Mary’s Magnificat (Luke 1:46-55):
“With all my heart I praise the Lord,
I am glad because of God my Savior.
He cares for me his humble servant.
From now on all people will say God has blessed me.
God All-Powerful has done great things for me; his name is holy.
He always shows mercy to everyone who worships him.
The Lord has used his powerful arm to scatter those who are proud.
He drags strong rulers from their thrones
and puts humble people in places of power.
God gives the hungry good things to eat
and sends the rich away with nothing.
He helps his servant Israel and is always merciful to his people.
The Lord made this promise to our ancestors,
to Abraham and his family forever.”
We Protestants don’t generally talk much about Mary. That’s unfortunate. But Luke’s telling of Jesus’ story has wonderful power to reverse this tendency. Take Luke 1. Here we have what is traditionally known as Mary’s Magnificat (Latin for “My soul magnifies”). Explore the content and ponder its themes: God as Savior, God’s knowledge of our inmost thoughts, his preference for the humble over the proud rulers of the day, and God as the Promise-Keeping God. There much here to learn about God.
But there’s also something amazing here to learn about Mary, a poor, young, Jewish girl with no formal education, no public influence, and no social advantages. It’s impossible to over-stress how insignificant her existence was in the larger scheme of things 2,000 years ago. And yet that whole scheme of things hangs on her. She has such a profound understanding of God, an almost unparalleled trust, and a keen perspective on Israel’s destiny and calling. All this in someone in her particular social position? Astounding. The only other biblical figure of comparable faith who comes to mind is Abraham. And if Abraham is the ‘Father’ of our faith in terms of his example, surely Mary is the ‘Mother’ of our faith given the risk she in faith took was no less consequential for the Christian story than the risk Abraham in faith took in offering Isaac.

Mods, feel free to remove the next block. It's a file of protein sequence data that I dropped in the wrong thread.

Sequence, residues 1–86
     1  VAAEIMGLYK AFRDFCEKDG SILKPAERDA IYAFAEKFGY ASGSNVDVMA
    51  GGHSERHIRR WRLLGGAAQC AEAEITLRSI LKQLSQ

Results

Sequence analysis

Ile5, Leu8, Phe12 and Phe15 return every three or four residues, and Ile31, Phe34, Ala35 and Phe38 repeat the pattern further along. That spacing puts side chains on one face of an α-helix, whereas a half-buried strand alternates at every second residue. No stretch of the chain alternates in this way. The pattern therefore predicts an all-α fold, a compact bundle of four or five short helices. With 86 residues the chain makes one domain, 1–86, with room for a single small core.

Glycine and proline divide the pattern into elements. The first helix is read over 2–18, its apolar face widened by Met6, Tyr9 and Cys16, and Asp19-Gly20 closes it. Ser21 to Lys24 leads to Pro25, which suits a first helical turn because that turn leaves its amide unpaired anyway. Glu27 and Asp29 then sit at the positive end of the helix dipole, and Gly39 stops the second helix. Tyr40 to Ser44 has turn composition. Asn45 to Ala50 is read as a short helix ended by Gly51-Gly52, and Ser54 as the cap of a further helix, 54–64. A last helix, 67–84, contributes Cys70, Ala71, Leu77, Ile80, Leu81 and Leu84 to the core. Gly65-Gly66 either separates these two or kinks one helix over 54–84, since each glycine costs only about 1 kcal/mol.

Any one of us — you, I, or any of the people in our lives — can trust as deeply in God as did Mary. She didn’t have this rare faith preinstalled in her from the womb to give her a natural advantage over the rest of us. She is the rest of us. And there are blessings awaiting you and others on the other side of some risk of faith God is inviting you to take. What’s holding you back? Take the leap! Trust that your feet will land on the solid but unseen God who calls you. Remember that Christmas came because someone, in this case a humble, poor, socially marginalized girl, surrendered her ‘yes’ to the risky venture of believing God for something unprecedented, something the entire world dismissed as impossible.
Prayer: God, give me grace to offer you my ‘yes’, to take the risky venture of faith in what seems unimaginable, to trust you whatever other voices say. You’re the miracle-working God.‘
source: Tom Belt (anopenorthodoxy).